Lead levels limit Baraga armory access

BARAGA – In the past, said Baraga Village Manager LeAnne LeClaire, the Baraga Armory has been a great community resource, with its gym rented out for wedding receptions, youth basketball and more.

Currently, however, the armory is one of more than two dozen in Michigan that have restricted public access after lead levels tested high due to residue from old indoor firing ranges.

According to an article published by WOOD-TV in Grand Rapids, the restrictions are largely due to the guard changing their standards from commercial to residential in September.

While Guard soldiers continue to work and train in the buildings while cleanup is underway, civilians are largely being kept out of the buildings. A Daily Mining Gazette reporter seeking access to the Baraga Armory was told no civilians are allowed in at this time without special authorization.

A Guard spokeswoman quoted in the WOOD-TV article said risks to soldiers were minimal, but the Guard is offering optional medical monitoring for soldiers.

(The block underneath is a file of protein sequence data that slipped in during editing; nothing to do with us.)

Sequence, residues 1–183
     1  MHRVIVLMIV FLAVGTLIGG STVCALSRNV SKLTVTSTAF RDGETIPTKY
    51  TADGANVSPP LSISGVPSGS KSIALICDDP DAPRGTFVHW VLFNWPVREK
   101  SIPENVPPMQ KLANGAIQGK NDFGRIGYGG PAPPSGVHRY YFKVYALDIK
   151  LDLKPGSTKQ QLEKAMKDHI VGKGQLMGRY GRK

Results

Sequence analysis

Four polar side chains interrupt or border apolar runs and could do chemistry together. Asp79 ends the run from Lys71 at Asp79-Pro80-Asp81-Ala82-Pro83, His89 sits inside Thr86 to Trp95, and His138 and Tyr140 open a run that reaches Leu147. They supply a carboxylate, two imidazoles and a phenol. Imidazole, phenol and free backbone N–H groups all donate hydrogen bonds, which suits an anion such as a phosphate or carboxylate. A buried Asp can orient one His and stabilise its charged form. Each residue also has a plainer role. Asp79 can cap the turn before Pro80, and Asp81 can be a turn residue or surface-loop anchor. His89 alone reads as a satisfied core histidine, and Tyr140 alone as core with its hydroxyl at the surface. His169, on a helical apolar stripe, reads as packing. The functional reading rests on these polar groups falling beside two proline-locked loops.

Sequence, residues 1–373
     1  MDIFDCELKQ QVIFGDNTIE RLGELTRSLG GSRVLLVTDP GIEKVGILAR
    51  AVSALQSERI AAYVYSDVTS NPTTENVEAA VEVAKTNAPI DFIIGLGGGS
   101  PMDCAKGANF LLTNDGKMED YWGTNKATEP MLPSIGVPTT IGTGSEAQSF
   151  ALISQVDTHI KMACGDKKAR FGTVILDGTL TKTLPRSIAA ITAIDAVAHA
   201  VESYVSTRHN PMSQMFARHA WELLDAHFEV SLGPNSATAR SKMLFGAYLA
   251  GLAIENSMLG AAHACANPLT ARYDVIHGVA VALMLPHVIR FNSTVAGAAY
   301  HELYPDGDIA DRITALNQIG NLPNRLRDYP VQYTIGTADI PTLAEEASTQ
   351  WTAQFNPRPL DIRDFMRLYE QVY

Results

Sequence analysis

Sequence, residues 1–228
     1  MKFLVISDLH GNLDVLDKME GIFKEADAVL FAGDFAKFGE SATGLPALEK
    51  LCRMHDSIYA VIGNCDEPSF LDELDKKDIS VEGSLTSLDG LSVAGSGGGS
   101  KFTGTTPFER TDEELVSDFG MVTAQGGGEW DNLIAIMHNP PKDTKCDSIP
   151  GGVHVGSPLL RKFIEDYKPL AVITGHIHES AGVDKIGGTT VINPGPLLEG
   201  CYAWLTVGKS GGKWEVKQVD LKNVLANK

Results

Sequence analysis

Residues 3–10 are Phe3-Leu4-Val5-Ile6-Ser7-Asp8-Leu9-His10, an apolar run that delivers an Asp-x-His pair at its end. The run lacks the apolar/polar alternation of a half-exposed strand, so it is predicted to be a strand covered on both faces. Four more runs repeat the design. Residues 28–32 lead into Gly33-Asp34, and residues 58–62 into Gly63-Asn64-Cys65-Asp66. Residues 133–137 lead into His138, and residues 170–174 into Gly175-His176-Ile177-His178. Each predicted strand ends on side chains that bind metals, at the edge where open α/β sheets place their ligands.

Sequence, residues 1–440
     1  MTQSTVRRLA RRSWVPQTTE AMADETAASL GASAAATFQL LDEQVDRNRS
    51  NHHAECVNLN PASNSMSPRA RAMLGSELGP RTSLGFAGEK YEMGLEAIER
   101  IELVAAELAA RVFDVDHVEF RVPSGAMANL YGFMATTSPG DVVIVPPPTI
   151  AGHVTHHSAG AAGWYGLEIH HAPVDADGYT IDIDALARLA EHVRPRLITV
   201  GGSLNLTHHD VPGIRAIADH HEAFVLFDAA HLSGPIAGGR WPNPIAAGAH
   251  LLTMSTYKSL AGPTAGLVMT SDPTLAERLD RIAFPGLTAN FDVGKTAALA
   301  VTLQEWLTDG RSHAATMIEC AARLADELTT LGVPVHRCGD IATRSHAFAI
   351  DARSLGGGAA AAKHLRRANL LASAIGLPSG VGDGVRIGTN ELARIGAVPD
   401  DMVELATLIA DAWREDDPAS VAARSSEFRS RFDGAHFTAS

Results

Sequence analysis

LeClaire said she hadn’t been aware of the lead issue. She did know the National Guard was considering pulling out, but no one from the Guard had been in contact with the village regarding the building’s future.

Assuming the lead issue doesn’t require expensive remediation, “we would like to show an interest in the building, to have our offices there,” she said.

Baraga County leaders at Monday’s meeting said Baraga Township, Bay Ambulance and other groups have also expressed an interest in the Armory, and the likely scenario would be two or more groups sharing the large building.